Each year, more than 5 million central venous catheters are inserted in patients in the United States. Types of catheters are listed in Table 71–1. A substantial proportion of these are used in children for delivery of intravenous fluids, total parenteral nutrition, antibiotics, and chemotherapy. Infectious complications occur in 5–26% of all patients with central venous catheters. According to data reported to the National Nosocomial Infection Surveillance System (NNIS) between 1992 and 2003, the pooled mean catheter-associated bloodstream infection (CA-BSI) rate in pediatric intensive care unit patients was 7.3/1000 catheter days.1 Rates in neonatal intensive care units (NICUs) ranged from 3.7/1000 catheter days in infants with birth weights >2500 g to 10.6/1000 catheter days in infants with birth weights <1000 g. In addition to patient factors such as immunosuppression and prematurity, longer duration of catheter use,2 use of multiple central lines,3 dialysis,2 extracorporeal membrane oxygenation therapy,2 total parenteral nutrition,4 mechanical ventilation,5 and receipt of packed red blood cell transfusion6 are all associated with increased risk of infection. In premature infants, duration of intravenous lipid use has been associated with coagulase-negative staphylococci (CoNS) bacteremia and fungemia.7
Table 71–1. Types of Central Catheters |Favorite Table|Download (.pdf)
Table 71–1. Types of Central Catheters
Subclavian, jugular, femoral veins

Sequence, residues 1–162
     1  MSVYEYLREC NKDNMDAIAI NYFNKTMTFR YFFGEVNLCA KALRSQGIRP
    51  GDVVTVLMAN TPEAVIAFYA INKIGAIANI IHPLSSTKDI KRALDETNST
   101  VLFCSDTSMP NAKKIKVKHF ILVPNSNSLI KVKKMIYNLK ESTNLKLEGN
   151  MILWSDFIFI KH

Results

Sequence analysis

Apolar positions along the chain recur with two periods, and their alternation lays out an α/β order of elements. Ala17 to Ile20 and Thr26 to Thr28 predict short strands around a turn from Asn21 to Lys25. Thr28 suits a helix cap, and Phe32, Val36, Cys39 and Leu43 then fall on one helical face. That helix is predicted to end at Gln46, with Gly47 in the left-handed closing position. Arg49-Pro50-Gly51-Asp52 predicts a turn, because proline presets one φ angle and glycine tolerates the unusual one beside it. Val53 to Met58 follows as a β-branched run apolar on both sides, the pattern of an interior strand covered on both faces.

For short-term intravenous therapy, typically less than 21 d
Subclavian, jugular, and femoral veins
Broviac, Hickman, Groshong; can remain in place for months to years
Subclavian or internal jugular
“Infusaport” or “port”; can remain in place for months to years
Percutaneously inserted central catheter (PICC)
Peripheral vein in the arm, leg or scalp; terminates in central vein
Commonly used for outpatient therapy; can remain in place for weeks to months
Umbilical artery or vein
Used in neonates
Umbilical artery catheters should not be used >5 d
Umbilical venous catheters can be used up to 14 d
Types of catheter-associated infection are listed in Table 71–2. Various definitions have been proposed for central venous catheter-associated bloodstream infection (CVC-BSI), including catheter-related BSI (CR-BSI) and catheter-associated BSI. CR-BSI—a BSI attributable to the catheter—is often difficult to diagnose in children because obtaining a peripheral culture is not always feasible and catheters are often not removed for diagnostic purposes because of the difficulty of inserting another catheter. Therefore, CA-BSI—a BSI in the context of a catheter—is a practical definition used in many children's hospitals. This definition is also used for nosocomial infection surveillance.
Table 71–2. Types of Central Catheter-Related Infection |Favorite Table|Download (.pdf)
Table 71–2. Types of Central Catheter-Related Infection
Local infection (in the absence of concomitant bloodstream infection)
Exit site infection
Erythema or induration within 2 cm of the the catheter exit site
Tenderness, erythema, or induration within 2 cm of the subcutaneous tract of a tunneled catheter
Purulent fluid in the subcutaneous pocket of a totaled implanted vascular catheter with or ...
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